The group, lead by Rev. Fred Phelps and consisting mainly of his parishioners at Westboro Baptist Church in Topeka, Kansas, claims that war casualties, mining accidents, and just about any other untimely death is God's wrath resulting from US tolerance for gays. I'll pause for a moment so you can think that one through.
That's right. Not only do we have the likes of Pat Robertson claiming to the world that Hurricane Katrina was God's punishment for sinful behavior, but now we have Phelps and his ilk staging protests at the memorial service for 12 miners killed in the West Virginia tragedy. There have always been crackpots like this, but is there a reason we must give them air time?
What concerns me, though, is the move by five states to ban protests at funerals. Don't get me wrong, I don't advocate protesting at emotionally charged, private events where grieving families are gathered. I do object to anything that tampers with the right of the people to peacefully assemble, however. That's the reason I never advocated law enforcement officials preventing Cindy Sheehan from staging her protests, as much as I disagree with her message and think she was hurting our troops. People have a right to protest and stage demonstrations, regardless of their point of view. What most people need to realize, though, is simply having the right to do something does not mean that you should do it.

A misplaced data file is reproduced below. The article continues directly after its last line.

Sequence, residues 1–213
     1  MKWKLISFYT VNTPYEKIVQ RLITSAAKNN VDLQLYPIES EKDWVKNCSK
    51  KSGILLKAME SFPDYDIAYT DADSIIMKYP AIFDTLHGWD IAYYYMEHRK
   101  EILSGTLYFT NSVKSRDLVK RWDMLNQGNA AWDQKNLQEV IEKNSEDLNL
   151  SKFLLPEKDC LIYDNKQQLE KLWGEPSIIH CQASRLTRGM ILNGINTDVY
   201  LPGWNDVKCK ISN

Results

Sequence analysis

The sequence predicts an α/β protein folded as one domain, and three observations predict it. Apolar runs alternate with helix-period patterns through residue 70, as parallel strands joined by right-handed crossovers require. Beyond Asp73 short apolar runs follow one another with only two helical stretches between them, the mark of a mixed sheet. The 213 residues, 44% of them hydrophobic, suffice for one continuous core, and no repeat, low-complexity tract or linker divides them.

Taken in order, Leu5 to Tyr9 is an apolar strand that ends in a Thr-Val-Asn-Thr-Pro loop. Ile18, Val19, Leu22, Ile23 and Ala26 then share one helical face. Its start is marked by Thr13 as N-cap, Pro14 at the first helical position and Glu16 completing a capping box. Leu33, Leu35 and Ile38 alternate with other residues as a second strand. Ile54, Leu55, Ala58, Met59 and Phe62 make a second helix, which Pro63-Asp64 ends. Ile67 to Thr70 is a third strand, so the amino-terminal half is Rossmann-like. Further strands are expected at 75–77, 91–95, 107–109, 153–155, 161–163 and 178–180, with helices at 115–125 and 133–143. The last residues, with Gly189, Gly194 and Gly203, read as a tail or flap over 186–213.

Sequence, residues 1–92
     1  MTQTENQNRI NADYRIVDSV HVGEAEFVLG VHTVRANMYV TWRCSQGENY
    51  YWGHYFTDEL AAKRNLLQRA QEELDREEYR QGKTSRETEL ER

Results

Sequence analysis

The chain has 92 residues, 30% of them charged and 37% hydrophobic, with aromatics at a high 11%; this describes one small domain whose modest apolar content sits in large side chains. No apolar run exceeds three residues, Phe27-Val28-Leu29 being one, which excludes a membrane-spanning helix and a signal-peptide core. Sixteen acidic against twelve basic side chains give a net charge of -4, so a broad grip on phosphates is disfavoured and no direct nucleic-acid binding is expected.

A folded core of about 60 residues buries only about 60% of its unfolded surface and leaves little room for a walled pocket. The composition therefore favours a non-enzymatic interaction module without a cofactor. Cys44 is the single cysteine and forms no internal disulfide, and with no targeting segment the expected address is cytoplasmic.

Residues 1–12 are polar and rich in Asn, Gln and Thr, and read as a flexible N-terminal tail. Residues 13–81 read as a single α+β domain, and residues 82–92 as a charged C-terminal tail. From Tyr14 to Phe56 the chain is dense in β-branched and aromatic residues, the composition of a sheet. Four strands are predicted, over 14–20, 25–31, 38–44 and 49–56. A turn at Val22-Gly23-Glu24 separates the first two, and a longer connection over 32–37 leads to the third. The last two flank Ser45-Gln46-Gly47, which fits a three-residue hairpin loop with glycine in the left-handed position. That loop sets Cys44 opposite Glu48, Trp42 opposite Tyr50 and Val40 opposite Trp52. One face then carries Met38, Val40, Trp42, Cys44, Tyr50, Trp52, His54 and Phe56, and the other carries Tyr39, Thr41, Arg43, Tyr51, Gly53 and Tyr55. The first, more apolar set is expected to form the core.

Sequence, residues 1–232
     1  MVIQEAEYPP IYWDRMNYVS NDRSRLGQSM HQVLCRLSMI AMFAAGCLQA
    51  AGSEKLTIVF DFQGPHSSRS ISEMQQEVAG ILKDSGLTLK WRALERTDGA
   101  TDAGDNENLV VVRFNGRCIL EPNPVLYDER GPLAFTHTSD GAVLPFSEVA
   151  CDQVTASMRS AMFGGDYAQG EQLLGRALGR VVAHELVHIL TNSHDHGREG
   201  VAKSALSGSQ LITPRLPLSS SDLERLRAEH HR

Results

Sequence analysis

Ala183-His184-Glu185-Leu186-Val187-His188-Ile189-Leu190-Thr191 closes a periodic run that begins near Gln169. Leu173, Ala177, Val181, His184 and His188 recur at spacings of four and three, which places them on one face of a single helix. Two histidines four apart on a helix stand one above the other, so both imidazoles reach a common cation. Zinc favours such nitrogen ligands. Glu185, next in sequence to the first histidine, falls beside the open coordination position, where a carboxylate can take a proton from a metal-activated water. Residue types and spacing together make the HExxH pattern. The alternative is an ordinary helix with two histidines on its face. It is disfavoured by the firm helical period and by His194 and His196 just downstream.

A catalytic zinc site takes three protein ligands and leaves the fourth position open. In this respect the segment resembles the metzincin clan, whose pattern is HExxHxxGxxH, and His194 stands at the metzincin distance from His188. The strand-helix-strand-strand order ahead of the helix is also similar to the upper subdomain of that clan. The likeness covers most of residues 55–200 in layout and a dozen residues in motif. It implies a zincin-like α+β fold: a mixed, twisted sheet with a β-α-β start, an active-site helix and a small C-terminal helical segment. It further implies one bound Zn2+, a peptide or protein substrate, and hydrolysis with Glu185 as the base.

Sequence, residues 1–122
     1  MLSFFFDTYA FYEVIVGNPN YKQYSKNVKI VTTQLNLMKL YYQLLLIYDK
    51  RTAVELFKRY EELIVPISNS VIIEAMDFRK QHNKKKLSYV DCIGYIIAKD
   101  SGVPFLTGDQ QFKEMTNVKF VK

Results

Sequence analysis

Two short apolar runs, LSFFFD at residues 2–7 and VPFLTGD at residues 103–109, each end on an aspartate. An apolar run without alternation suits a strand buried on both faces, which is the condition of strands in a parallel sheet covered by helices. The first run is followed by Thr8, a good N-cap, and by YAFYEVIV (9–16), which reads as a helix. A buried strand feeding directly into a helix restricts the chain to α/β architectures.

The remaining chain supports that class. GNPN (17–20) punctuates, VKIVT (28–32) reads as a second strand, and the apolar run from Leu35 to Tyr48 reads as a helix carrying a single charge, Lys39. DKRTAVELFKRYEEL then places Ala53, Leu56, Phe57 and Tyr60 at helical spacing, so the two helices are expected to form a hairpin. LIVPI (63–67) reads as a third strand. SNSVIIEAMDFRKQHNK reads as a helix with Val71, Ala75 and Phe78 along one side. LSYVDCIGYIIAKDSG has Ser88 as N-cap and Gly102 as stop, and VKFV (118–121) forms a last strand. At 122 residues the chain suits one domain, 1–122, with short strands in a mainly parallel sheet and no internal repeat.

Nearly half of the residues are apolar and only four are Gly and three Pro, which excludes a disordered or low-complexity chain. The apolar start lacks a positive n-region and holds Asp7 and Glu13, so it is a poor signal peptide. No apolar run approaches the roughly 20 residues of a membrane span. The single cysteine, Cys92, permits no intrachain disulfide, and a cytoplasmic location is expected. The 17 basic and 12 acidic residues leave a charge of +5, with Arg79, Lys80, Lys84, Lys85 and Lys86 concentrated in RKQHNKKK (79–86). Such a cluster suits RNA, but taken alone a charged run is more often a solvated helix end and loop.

I'm sure everyone agrees that there is a line that should not be crossed. I'm also positive that none of us will agree on where that line is. All I can tell you is that, as a constitutional originalist, I certainly do not want the government drawing that line. That means that we must put up with people like Reverend Phelps, regardless of how ridiculous his views may be, regardless of how tasteless his methods are, regardless of how insensitive and downright offensive his protests are.
That's the challenge of our Constitutional Rights. It's all too easy to demand "there ought to be a law" when we see this type of outrageous behavior. For those with common sense, it's easy to see that Phelps has clearly crossed the line and is abusing his First Amendment right to peacefully assemble. Unfortunately, any attempt to ban his nonsense weakens, not Phelps, but rather the Constitution of the United States.
As to what to do with Phelps, simply start your stopwatch. His fifteen minutes should be up shortly.
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